Wednesday, March 14, 2012

Lectio: The Four Loves

{recommended reading}

Up, The Four Loves, C.S. Lewis, Carl and Ellie, married love, love and friendship, Catholic wedding planning, Catholic wedding blog, Catholic brides
Carl and Ellie's lifetime of love
  Like most people with a  heartbeat, I cry my eyeballs out every time I watch Up.  Carl and Ellie, two of the sweetest lovebirds I've ever seen in a movie, are childhood pals who grow up together, then fall in love for the rest of their days.  We get to see every minute of it, and they draw out the best in each other: she inspires a cautious man to pursue adventure, and he grounds a dreamer of a girl with the contented routines of their life together.  Watching the movie, you get the sense that these two aren't just the loves of each other's lives, but best friends and teammates through life's victories and burdens.

This post isn't about Carl and Ellie.  It is, however, about the kind of love they share.  To say that love takes dozens of forms is stating the obvious.  Consider, though, how its array of varieties can be all rolled up into a singular love.  You know what I mean?  We have that desire for a love that mixes deep passion with goofy affection and the serious with the ridiculous.  I bet you've already experienced this personally- it's hard to imagine a couple whose relationship isn't enriched by a connection that goes beyond just the giggly, "I love you!  I love you too!" stuff.  That's important, of course, but we adore it because it's special (even when it's frequent), not because it's the norm.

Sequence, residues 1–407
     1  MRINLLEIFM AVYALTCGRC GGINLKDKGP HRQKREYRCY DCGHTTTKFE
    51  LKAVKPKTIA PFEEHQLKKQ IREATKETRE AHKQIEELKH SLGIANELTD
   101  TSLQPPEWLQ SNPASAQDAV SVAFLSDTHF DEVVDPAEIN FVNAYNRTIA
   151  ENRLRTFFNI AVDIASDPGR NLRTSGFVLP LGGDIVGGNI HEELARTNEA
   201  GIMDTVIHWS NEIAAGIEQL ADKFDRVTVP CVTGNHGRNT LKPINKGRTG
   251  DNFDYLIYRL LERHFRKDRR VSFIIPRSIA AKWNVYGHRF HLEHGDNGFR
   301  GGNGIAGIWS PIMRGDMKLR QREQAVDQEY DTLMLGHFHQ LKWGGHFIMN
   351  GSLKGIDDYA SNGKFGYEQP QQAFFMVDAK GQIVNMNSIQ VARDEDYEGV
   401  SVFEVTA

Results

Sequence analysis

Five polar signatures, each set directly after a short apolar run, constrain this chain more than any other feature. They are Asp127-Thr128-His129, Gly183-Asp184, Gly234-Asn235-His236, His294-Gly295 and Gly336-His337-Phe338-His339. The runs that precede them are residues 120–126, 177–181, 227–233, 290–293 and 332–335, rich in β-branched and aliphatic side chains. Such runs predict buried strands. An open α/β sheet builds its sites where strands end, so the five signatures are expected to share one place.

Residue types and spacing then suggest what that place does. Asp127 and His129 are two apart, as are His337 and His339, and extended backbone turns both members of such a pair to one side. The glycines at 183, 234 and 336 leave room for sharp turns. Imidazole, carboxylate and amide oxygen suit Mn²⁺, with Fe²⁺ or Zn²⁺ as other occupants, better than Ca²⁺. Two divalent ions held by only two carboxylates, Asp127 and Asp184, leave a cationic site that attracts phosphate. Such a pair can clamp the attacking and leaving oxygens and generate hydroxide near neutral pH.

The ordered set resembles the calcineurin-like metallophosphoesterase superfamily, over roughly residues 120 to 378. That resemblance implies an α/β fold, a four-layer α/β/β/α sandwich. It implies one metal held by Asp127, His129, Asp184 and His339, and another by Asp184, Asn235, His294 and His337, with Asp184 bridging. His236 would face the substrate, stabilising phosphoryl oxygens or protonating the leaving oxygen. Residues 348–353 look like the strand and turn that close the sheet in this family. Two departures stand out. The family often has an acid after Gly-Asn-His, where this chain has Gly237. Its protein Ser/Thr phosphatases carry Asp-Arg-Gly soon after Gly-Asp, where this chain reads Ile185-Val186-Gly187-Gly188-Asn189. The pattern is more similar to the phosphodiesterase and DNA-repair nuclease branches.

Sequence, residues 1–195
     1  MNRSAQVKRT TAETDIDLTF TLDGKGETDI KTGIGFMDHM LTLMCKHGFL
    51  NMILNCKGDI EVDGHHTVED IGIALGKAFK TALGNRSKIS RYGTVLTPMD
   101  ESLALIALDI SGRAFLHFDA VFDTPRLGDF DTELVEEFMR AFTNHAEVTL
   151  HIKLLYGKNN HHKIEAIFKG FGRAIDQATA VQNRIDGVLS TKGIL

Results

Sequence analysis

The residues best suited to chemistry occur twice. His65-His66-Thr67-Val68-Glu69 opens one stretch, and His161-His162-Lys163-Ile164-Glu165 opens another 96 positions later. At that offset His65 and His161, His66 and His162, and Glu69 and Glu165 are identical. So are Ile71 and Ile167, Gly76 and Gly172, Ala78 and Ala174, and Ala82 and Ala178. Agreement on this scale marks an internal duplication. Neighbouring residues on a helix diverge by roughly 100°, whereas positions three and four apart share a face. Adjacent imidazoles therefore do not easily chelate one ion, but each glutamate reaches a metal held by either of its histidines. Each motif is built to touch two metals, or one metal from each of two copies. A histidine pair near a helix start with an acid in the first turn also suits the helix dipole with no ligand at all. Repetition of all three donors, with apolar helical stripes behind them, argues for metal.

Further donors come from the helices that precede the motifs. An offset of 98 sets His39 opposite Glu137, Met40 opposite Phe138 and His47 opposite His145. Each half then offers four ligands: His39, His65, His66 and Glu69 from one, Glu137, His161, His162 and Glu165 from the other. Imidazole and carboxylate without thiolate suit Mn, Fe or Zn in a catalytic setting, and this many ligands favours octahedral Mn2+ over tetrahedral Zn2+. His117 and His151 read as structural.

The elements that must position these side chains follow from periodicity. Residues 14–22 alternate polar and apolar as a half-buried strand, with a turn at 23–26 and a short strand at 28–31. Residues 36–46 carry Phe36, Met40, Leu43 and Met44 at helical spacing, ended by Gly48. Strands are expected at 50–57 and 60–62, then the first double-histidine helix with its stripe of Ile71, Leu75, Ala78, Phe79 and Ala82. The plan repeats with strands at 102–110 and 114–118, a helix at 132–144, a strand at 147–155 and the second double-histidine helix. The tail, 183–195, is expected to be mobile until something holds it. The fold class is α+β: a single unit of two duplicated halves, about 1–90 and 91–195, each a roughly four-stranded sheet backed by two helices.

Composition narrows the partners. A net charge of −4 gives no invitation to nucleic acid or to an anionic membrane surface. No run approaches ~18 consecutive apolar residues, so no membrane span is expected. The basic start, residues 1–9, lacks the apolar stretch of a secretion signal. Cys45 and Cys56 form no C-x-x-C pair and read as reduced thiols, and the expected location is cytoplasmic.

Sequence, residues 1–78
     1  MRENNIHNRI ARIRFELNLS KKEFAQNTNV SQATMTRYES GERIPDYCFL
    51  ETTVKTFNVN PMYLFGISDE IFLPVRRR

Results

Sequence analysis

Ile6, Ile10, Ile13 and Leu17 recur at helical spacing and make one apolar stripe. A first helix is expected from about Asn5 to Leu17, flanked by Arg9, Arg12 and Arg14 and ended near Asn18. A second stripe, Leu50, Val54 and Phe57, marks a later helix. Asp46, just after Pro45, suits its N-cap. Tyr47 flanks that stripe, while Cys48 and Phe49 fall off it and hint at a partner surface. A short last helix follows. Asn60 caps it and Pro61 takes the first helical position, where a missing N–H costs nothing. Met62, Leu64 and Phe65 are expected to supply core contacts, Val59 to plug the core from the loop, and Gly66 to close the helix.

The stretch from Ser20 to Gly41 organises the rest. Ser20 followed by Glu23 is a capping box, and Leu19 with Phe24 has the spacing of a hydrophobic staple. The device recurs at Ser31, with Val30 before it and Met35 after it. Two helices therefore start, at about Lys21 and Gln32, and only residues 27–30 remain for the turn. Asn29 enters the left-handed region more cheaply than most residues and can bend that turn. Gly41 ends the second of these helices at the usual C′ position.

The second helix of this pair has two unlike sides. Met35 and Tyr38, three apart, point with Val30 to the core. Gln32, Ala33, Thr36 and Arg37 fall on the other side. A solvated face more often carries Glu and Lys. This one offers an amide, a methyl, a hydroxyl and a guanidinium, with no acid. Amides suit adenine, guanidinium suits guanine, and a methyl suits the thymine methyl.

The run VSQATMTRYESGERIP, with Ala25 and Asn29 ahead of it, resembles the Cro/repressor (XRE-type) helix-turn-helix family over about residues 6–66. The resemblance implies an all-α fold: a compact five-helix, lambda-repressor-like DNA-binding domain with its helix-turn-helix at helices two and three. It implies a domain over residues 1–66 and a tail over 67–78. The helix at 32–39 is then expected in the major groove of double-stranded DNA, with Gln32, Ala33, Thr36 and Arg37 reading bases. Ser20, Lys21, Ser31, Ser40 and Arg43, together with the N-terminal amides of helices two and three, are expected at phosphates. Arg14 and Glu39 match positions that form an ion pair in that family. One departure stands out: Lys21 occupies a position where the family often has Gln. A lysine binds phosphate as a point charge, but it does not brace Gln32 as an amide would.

What I'm trying to say is that romance is great and all, but it becomes even more romantic when it's reinforced with true friendship, spiritual closeness, and sincere admiration.  C.S. Lewis says it better.  The Four Loves is such a wonderful book for marriage prep- he discusses eros, or romantic love, so beautifully, as well as the loves of affection, friendship, and agape, or unconditional, perfect charity.  There's a lot of theological goods here, but if you've read anything else by good ol' Mr. Lewis, you know that he has a way of articulating truths about human nature that are so recognizable.  Of friendship, he says in this book, "the typical expression...would be something like, 'What?  You too?  I thought I was the only one.'"  He might as well be talking about a reader's reaction to his words.  Insights galore.  Every form love takes, he says, is ultimately ordered towards charity as love of God.  It makes so much sense.  Of course Love Himself amplifies all the little tastes of heavenly love that we experience here on earth.  We beg for love, we want to give love to the people we care about most, we long to express love.  Check out for yourself what Lewis has to say:

Need-love cries to God from our poverty; gift-love longs to serve, or even to suffer for, God...Need-love says of a woman "I cannot live without her;" Gift-love longs to give her happiness, comfort, protection-- if possible, wealth; Appreciative love gazes and holds its breath and is silent, rejoices that such a wonder should exist even if not for him...

Does this take your breath away like it does mine?  A love that rejoices not just in happiness, but equally in vulnerability and sacrifice, is an exhilarating thing.  So, use your engagement to contemplate all the loves you share.  When you're friends, lovers, and each other's biggest spiritual allies, you're setting yourselves up for a heck of a marriage.

Next up: Four today, five the day after tomorrow

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